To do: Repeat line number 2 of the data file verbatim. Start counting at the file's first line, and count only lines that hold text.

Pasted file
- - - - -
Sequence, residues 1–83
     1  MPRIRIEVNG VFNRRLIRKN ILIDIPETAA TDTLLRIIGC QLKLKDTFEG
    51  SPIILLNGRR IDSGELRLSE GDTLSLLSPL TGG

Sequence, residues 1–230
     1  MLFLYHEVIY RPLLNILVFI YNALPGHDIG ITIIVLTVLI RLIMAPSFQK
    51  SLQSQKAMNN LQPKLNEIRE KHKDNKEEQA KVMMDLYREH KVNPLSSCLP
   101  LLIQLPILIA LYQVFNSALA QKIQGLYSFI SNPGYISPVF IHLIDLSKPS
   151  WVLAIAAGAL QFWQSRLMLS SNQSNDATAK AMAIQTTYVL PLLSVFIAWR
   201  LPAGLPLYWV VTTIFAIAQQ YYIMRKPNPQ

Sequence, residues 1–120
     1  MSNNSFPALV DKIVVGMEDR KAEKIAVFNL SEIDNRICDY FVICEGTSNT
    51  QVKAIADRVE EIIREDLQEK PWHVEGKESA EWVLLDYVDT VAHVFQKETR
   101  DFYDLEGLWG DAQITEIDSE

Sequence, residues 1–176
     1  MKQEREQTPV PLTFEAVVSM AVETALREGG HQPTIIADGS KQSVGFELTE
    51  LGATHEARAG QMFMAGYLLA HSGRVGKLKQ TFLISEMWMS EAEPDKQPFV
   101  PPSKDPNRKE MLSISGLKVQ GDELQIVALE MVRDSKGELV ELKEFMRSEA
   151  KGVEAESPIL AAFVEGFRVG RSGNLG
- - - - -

     1  MPRIRIEVNG VFNRRLIRKN ILIDIPETAA TDTLLRIIGC QLKLKDTFEG